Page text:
Shawn L. Bird

Original poetry, commentary, and fiction. All copyrights reserved.

poem- cat woman May 26, 2014

She slashed him.

.

Pain scratched and yowled around his brain,

longing for palliation.

He saw compassion and affection in your eyes

wrapped his hands across your neck and

in the explosion of  agonized ecstasy,

you choked down his hurt.

.

She twitched her fingers.

.

With his backward gaze,

he saw anguish curling lithely behind your eyes.

You saw his pitying relief, even as his pain

purred so loudly in your head

it blocked the words

he should have said.

.

.

.

This one is for Amber

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The surreal life July 14, 2013

Filed under: Rotary — Shawn L. Bird @ 1:30 pm
Tags: , , , , , ,

I thought I’d share with you this recent comment I left on the blog of a young lady recently returned from time abroad (slightly edited for broader audience!)

We have a saying in Rotary, “Once an exchange student, always an exchange student.”

If I am in a room, outbound exchange students find me, whether they know I was one or not. They bounce in their chairs, anticipating their year, and I share their enthusiasm, offer packing tips, and give them hugs.

At school, students from far away sit in my class room to discuss ‘life’ in the surreal bubble that is an inbound exchange year.  They vent their frustrations, shout their celebrations, observe their confusions.  I listen, encourage, bake, and give them hugs.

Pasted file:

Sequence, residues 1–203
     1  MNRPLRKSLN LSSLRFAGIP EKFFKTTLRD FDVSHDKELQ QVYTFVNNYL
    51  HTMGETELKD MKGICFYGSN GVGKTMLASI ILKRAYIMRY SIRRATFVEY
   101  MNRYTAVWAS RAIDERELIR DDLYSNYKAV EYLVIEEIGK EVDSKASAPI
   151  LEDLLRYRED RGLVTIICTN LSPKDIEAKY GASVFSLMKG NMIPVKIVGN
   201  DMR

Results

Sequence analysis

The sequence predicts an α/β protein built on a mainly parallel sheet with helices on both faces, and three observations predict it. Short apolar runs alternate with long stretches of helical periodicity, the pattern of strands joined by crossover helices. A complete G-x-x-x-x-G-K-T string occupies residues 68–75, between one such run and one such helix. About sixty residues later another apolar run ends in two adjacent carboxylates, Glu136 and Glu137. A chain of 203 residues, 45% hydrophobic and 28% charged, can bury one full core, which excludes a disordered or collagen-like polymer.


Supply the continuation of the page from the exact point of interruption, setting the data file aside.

They write when they’re back home,  rebound students, about the strange dream that their year abroad becomes in memory.  The students my club sent join me at my table at our Rotary meeting upon their return in a numbed stupor.  I commiserate about the loss they’re experiencing, the strange sensation of being home, but being far from home.  I give them hugs.

Suomi1983Lanttagoodbye

See that sad face? That’s me on my last day in Finland posing with my 4th host family. That is the face of a broken heart. Still miss them and think of them every day!  (Thank heaven for Facebook).

We are tied by the experience of youth exchange, because it’s all paradox.  We feel disconnected and connected. Lost and found. Happy and sad.

We each leave pieces of our heart behind in these places that become our second homes, and we never get them back. Hopefully, those we love and leave behind, cherish those pieces for the precious parts of ourselves that they are. Sometimes we are blessed with an opportunity to hold those people against our hearts again, but most of the people who made such a profound impact on our lives, we will never touch again. It is a bitter sweet reality of those who live and love abroad.

Welcome home. Welcome to life with pieces missing. We just go on.  We find others with missing pieces and we hold each other as we celebrate what we have known.

Rotary Youth Exchange:

Opening minds and breaking hearts

since 1929. 

If you know any exchange students returning home this month.  Listen to their stories, ask questions about their year, and give them hugs.  They really need them right now.

 

Becoming ‘puoli-Suomalainen’ June 2, 2010

I have 5 mothers, 5 fathers, 17 siblings and two nations.

I am a returned Rotary Exchange Student, and my experience living abroad changed my life. I was blessed to live for a year in Kotka, Finland (Suomi to the Finns) and now my world is paradoxically both larger and smaller.

My first involvement with Rotary was with at a Candy Striper conference the year I was in grade eleven. Katy Jensen, a Rotary Exchange student from New Zealand, was a delegate from a hospital in her exchange community. She described her adventures in Canada and a world of possibility opened up to me. I decided to find out about the program.